Version 3.3.1 is now available for download. Please let us know if you run into any issues.
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Version 3.2.2 of HTML Guard, which we released today, includes the following bug fixes:
- An error with detecting UTF-8 encoded pages was corrected.
- A problem with handling poorly-formed script tags (e.g. <script src>) was resolved.
- The “Disable Shortcuts” feature was completely revamped to support more browsers.
Today we released HTML Guard, version 3.2.1. This version does not add any new features; it simply corrects some minor problems occurring with processing pages that include server-side script parts (PHP, ASP, etc.) as well as files that contain a UTF-8 BOM.
The update is a free maintenance release for all licensed users of previous 3.x versions.
Although HTML Guard’s functions provide a good level of protection against content theft, they cannot guarantee 100% security. As a result, it’s still possible that your images, texts and code are being copied and used elsewhere without permission. In such a case, you should act as soon as possible to protect your copyright and have the stolen content removed.
1. Preserve the Evidence
After finding stolen content, your first step should be to preserve the evidence. Having a copy of the infringing website helps to verify the copyright violation in case the website is modified or shut down after contacting the owner. There are several ways to document the copyright infringement:
- Print out a physical copy of the website in question along with its URL and the current date
- Print out a copy of the website to a PDF printer like PDFCreator or PrimoPDF
- Save single web pages with the browser’s “Save as” function
- Download the complete website using an offline downloader like HTTrack or Offline Explorer
- Screen capture the website in the browser via the PrintScreen key or a screenshot tool like Snagit
Additionally you should gather proof that you are the original copyright owner of the content:
- Search the Wayback Machine for archived versions of your web pages
- Search your hard drive or your backup media for the oldest available copy of your stolen content
- Search your notes and emails, etc., for sketches or any other material that proves your ownership of the content
2. Contact the Violator
Often a concise, non-threatening email or phone call is all it takes to get the copied content removed from a website. Many people simply are not aware that they violate the copyright of the author when they copy web content without prior permission. Your first email could look something like this:
Dear Jane Doe:
It has recently come to my attention that copyrighted material from original.com is being used on your website copy.com without attribution or permission.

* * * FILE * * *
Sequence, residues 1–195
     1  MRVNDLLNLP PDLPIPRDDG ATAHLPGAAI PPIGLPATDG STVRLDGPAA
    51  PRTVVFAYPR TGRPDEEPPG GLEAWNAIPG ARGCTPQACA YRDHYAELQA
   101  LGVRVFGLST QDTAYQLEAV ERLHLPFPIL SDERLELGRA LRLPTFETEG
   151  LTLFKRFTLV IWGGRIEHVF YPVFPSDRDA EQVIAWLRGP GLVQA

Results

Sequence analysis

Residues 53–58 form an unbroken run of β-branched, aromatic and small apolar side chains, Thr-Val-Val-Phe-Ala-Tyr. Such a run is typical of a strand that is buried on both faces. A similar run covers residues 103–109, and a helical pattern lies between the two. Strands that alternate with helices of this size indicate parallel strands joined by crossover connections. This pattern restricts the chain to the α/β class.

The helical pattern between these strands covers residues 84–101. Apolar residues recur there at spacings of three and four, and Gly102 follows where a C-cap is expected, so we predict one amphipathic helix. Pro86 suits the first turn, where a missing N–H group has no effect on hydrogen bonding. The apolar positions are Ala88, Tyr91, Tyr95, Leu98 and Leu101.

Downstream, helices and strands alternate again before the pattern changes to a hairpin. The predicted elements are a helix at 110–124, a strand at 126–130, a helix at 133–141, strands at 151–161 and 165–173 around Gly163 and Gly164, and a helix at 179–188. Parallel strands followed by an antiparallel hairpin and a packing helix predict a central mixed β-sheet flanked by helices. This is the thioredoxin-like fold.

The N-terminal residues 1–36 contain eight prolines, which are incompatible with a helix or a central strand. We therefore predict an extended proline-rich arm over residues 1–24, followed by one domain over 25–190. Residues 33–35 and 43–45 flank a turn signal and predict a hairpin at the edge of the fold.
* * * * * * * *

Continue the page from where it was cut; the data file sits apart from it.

Your copy: http://www.copy.com/page.html
My original work: http://www.original.com/page.html
I would appreciate if you could please remove the content. Thank you for your prompt attention.
In case you can’t find any contact details on the offending website, a WHOIS search on the domain name may help.
3. Contact the Hosting Provider
If the plagiarist doesn’t respond to your friendly request, you should turn to something a bit more drastic. One option is to contact the company that hosts the offending content, advising them to shut down the site.
To Whom It May Concern:
It has recently come to my attention that one of the websites on your web server, copy.com, hosts several instances of plagiarized content. This content is being used without my permission. I’m the original author of the material and have full copyright. The offending works can be found at:
These should be compared to the original works, which can be found at:
As the owner of the offending website doesn’t respond to my removal requests, I am asking you to suspend the site as soon as possible. Otherwise, I will be obliged to take legal action to enforce my copyright.
An easy way to find out who is hosting a particular website is to use WhoIsHostingThis.
4. Go the Legal Route
If the content thief refuses to remove the disputed material, you should consider hiring an attorney and getting legal advice. The lawyer can at least send an intimidating ‘cease and desist’ letter on formal letterhead, warning the plagiarist of the potential legal implications of his actions.
In a previous article, I demonstrated how one could use PHP to dynamically add watermarks to images. Implementing the solution I presented in that article required you to change your image links to something like this:
<img src="watermark.php?image=sample1.jpg&watermark=watermark.png" />
In this article, I will show you how you can easily watermark all images in a certain directory without changing your links to point to a .php file.
Let’s say the images you want to watermark are kept in a sub directory called “gallery” right below your domain folder. At this point, you will have to upload the watermarking script (watermark.php) and the watermark image (watermark.png) to that exact folder and create an .htaccess file containing the following two lines of code:
RewriteEngine on RewriteRule ^(.*\.(gif|jp?g|png))$ /gallery/watermark.php?image=$1&watermark=watermark.png [NC]
By using the RewriteRule directory, you are telling the web server that image requests shall be processed by the “watermark.php” script file, as opposed to serving the images directly to the browser. The “watermark.php” script then places the “watermark.png” as a watermark on the requested image. After completing the .htaccess file, it must be uploaded (in ASCII mode) to the “gallery” directory.
Download Sample Files
If you wish to play around a bit with my sample code, I have created a zip file that contains all the necessary files for you to do so.